Will there be an EU Carbon Tax? 01.02.11
Will there be an EU Carbon Tax?
It is a thought that will get Euro-sceptics charging to their keyboards with disgust, but the EU taxation commissioner, Semeta Algirdas, has confirmed that the European Commission is preparing a proposal for an EU-wide carbon tax.
The commission says the complexities of fuel duty levels and exemptions across states threatens trade distortions and is looking for simplification. The proposal will be released in the first half of 2011 and will cover sectors such as transport and agriculture.
The commission is spot-on in its analysis. There have been many media stories of hauliers telling their drivers to fill up with diesel before returning to the UK due to massive price variations. The UK business leaders that we talk to constantly plead for a simpler and sturdier system for taxing carbon which will enable them to make long-term investments and avoid needless bureaucracy.
The timing of the announcement couldn’t come at a more sensitive time with every indication that George Osborne will not introduce the next phase of the fuel escalator in the face of a highly effective and articulate fuel lobby. Rather than fretting over this decision, his efforts would be better spent helping people transition more rapidly from such a high dependency on fossil fuels.
New technologies, behaviour change initiatives and financial incentives could ease the pain that will inevitably be felt as fuel prices rise. Given this need, it was disheartening to hear that around 100 jobs are to go at the Energy Saving Trust as part of Government cuts. Another plank of support that has been removed from our journey to a low carbon economy.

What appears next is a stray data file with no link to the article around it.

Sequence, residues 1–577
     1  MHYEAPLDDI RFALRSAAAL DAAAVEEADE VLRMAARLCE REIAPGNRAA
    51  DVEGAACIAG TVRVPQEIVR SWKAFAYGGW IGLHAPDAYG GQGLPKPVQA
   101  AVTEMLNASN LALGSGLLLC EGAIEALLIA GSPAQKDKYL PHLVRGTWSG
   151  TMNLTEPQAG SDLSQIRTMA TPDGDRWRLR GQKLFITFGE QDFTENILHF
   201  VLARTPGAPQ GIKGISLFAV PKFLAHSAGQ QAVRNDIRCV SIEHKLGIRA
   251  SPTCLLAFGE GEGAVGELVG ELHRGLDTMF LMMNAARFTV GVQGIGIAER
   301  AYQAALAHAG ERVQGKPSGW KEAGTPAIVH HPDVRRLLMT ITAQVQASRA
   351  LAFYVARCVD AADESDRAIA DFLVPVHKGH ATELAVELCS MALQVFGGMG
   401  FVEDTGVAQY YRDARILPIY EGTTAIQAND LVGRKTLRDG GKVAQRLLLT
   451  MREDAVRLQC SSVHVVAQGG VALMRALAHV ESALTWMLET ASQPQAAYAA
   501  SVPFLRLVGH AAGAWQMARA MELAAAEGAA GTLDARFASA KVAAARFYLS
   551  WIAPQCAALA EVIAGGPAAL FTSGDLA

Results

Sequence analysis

The real fairness agenda
Over the past year we have helped over 400 young people to develop their vision for a Sustainable UK in 2020. Through our Climate Squad initiative, they have created something highly positive and compelling but we wondered whether the group truly represented the views of their peers. To check, we commissioned YouGov to ask 1,000 other young people what they thought of the vision that had been created.
The response has been fascinating and has given us a unique overview of what young people think about issues such as population control, GM, being asked to eat less meat and to curtail the amount they fly.
We will be releasing the results at an event on 24th February where we will be sharing the findings with leading companies who we feel will be interested in hearing the thoughts of future customers and employees.
This is one of the most important pieces of work undertaken by Global Action Plan. I constantly hear politicians, business leaders and others tell us we have to cut carbon emissions by 80% by 2050. What they never do is explain what impact this will have on the lifestyles and choices of people who will be alive at that time. Our research suggests that some of the possible changes will be deeply unpopular.
Using the 2050 timeframe also neatly makes the problem seem relatively long-term. What is not pointed out is that every tonne of carbon we needlessly pump into the atmosphere now will make the scale of change required ever more painful for future generations.
It is ironic that at a time when people are squealing about rapidly rising energy prices a survey by ENDS magazine of the gas and electricity tariffs offered by the ‘big six’ energy companies has found that the more power and gas households use, the less they pay per unit of energy. Basically high polluting households have less price incentive to save energy than those who are more frugal.
Tariffs which penalise wasteful energy consumers are used in other countries to encourage energy efficiency but none exist in the UK. These ‘rising block tariffs’ are fairer and greener but any energy company that introduced them on their own volition would probably lose market share.
It therefore falls to either Ofgem or DECC to introduce the change. For guidance, they could take a look at what Ofwat is doing as it favours innovative tariffs and three water companies have already trialled rising block tariffs for water use.